If we’re going to keep this momentum, which I think we will, we have to continue to find ways to creatively deliver high quality education to more people at a lower cost. More extensive use of technology for our e-learning initiatives is critical to our mission. We have to increase the amount of research we do as well as work with Missouri’s business leaders and political leaders at coming up with an economic development agenda that leads to more job creation for the graduates that will come from the four campuses.
The University of Missouri System is in place to serve our four campuses. Our job is to help foster the innovation and entrepreneurship that currently exists on the campuses. As president, I will ensure that the system continues to work with the campuses by accountability to our constituents on our success against specific goals. We support the intent of Gov. Nixon’s performance-based funding challenge, and we will be accountable for our results.
Also, the university system needs to facilitate the discussion of what we want to look like in the future and how we’re going to get there. We need to chart our own course and not have somebody else chart that course for us. I need to initiate a dialogue with the entire university family, and that’s faculty, staff, students, alumni, donors, supporters. By engaging them, we will identify a plan for emerging opportunities that are in the marketplace today. We also need to plan for where critical new revenue streams and capital gains come from and how we can address the learning challenge in the new information age that, at the end of the day, will result in more student success.
Before I start this dialogue, I need to learn more about the University of Missouri System. There’s no shortcut in this important education; it’s going to take time. I will need to take advantage of the incredible expertise and knowledge that resides in our faculty, alumni and donors. Over the next couple months, I am looking forward to visiting each of the campuses and meeting with each one of these constituency groups to listen to what their ideas, opportunities and challenges are.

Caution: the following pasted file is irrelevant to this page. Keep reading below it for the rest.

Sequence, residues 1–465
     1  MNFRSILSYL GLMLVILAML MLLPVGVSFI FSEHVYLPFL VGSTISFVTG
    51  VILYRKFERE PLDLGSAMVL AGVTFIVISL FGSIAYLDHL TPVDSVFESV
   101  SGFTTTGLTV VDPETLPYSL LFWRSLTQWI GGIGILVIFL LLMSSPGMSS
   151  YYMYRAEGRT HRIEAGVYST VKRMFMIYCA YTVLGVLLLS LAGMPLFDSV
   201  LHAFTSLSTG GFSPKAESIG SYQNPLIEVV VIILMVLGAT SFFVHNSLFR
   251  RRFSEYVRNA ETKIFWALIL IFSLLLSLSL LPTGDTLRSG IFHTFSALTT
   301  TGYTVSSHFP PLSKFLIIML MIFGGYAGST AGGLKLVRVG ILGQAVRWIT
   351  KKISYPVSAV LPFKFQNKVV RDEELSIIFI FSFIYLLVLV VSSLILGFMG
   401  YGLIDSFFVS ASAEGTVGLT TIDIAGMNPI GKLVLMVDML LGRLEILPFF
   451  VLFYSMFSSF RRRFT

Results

Admittedly, this will be a cram course. And just like in college, I expect to have to pull a few all-nighters, but I'm up for this challenge. Steve Owens has agreed to serve in the interim role as president as I begin my journey of enlightenment. When I move into University Hall in mid-February, I will be more prepared to, as they say, to drink from the fire hose. After absorbing as much as I can in my travels, the system family needs to begin the formal process of charting our future, our priorities, how we engage business, political and civic leadership of the state as we go forth.
This formal process that we will build together needs to be inclusive and open. In the proudest tradition of the academy, it needs to incorporate different points of view, weighing many options and alternatives, respecting every opinion brought into the dialogue, and it needs to set the course that we can all get behind, have ownership in and be successful.
In the end, we need to have a vision that illuminates to our state and all of our important constituency groups, the critical importance of higher education in our economy, our health, and for our future generations. If we do our job, our vision and strategies will be so compelling that we attract the support and financial resources from this state, from businesses, from alumni and donors to fund our growth and pay our people competitive wages and be recognized as Missouri’s greatest asset.
I understand I do not have a career in academia, but I vividly understand the importance of higher education, and I respect and admire the academy in all that it does. I will work tirelessly with all of you to enable our campuses to realize their full potential and find resources necessary to give Missouri the technology, research and the educated citizenry that it needs to compete and provide meaningful employment for our young people in the future.
Our mission is clear, our ability to realize our potential requires collaboration, requires creativity, making tough trade-offs, hard work, team work, impeccable execution, sense of humor and the financial resources to execute our strategy. I’m confident that we have the team or family to make this happen, and I’m ecstatic and proud to be the newest member of the University of Missouri family. Thank you again for bestowing this great honor and responsibility in me. I take it as a solemn obligation to each of you, to each of the university’s constituencies. I can’t wait to get started. From my family to yours, happy holidays, and again, thanks.